The prewriting toolkit: freewriting and looping

My previous post looked at prewriting, offering some definitions, exploring what it means for the creative process and posing the question as to whether or not it can be taught. In this first follow-up piece, I offer some practical prewriting exercises, tools that might help to generate new ideas and to unblock ones that are stuck.  Today, we’ll look at freewriting and looping.

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Peter Elbow, former professor of writing at the University of Massachussets, Amherst is credited with bringing freewriting into general use (though the method was first coined by Ken McCrorie in 1964).  His work is worth checking out: his books* advocate a process-led form of writing which – certainly at the time they were published – broke the traditionalist mode of teaching and thinking about writing.

How does freewriting work?

It generates ideas by ‘freeing’ the link between your brain and your pen. In freewriting, the object is to write as quickly and as freely as you can, and generate as many ideas as possible in a timed period: five or ten minutes is the standard time limit.  You can go on for longer than that, but it can be tiring.  It’s best to start with a shorter time, then build up gradually.

In practice: how to do it

  • Find an area of interest – an image, a word, phrase or idea.  One way of starting is to write a quick list and see which item appeals most.  Or you might want to find a sentence from a story or poem as a way of kickstarting your writing.  You might also start with a question (this works well for developing characters and also for essays, academic writing or non-fiction).
  • Write nonstop for your allotted time slot (five or ten minutes).  Write rapidly, without stopping to correct or reread or edit. The point is to generate ideas on paper, so your pen must keep moving. If you find yourself getting stuck, rewrite the title or first line of your topic a few times to get going.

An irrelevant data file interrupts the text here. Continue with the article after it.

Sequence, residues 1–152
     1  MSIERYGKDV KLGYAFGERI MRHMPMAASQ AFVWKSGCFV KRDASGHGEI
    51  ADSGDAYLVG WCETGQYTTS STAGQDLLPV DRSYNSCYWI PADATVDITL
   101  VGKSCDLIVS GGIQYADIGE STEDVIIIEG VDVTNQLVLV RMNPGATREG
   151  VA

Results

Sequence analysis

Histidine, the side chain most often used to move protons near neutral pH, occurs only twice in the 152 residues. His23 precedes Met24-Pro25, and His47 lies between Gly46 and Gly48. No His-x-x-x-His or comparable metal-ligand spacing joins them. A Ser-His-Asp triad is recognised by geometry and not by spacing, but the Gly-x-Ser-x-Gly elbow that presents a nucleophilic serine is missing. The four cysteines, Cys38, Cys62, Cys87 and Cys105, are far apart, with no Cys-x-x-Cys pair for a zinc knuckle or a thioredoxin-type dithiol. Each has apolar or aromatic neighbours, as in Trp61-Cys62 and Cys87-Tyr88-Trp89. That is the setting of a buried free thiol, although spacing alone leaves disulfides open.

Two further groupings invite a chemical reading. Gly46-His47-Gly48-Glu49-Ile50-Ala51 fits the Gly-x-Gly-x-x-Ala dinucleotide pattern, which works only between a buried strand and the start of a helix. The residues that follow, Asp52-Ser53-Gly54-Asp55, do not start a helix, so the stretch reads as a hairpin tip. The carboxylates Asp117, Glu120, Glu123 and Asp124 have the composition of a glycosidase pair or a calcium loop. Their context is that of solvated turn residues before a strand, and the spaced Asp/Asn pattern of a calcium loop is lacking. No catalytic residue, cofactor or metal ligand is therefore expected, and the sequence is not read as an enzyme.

This works best by writing long enough to begin to run out of ideas.  Pushing through that barrier of not-knowing-what-comes-next is often where the real creativity happens because we need to start thinking more laterally.

“If you’re freewriting well, you’ll concentrate so hard on truth telling and write so fast you’ll put yourself in a kind of trance, like that state between waking and sleep…when a gaggle of good ideas or memories come together for you.”

Ken McCrorie



How does looping work?

Elbow took freewriting to the next level with the introduction of looping.  It works by identifying, after each freewrite, the line, phrase or word which stands out the most and making that the starting point for the next freewrite.  Looping can be a brilliant way to explore connections between seemingy unconnected topics or ideas.

In practice: how to do it

  • At the end of your five or ten minutes of freewriting, read back what you’ve written.
  • Decide what is most important – the ‘hot spot’ –  a thought, a pattern of ideas, a phrase, a detail.
  • To complete the loop, express this thought in a single sentence on a fresh sheet of paper (the fresh sheet is important because it allows your brain to focus on that line or phrase alone).

You can loop again, and again (and again, if necessary), until you arrive at something you feel has substance.  This could be a tentative story idea or, say, the main argument for an essay or a piece of academic writing.  With each loop, your ideas should become more focused and articulated.

*Explore further:

Peter Elbow, Writing Without Teachers (New York: OUP, 1973, 1998)

Writing With Power: Techniques for Mastering the Writing Process (New York: OUP, 1981)


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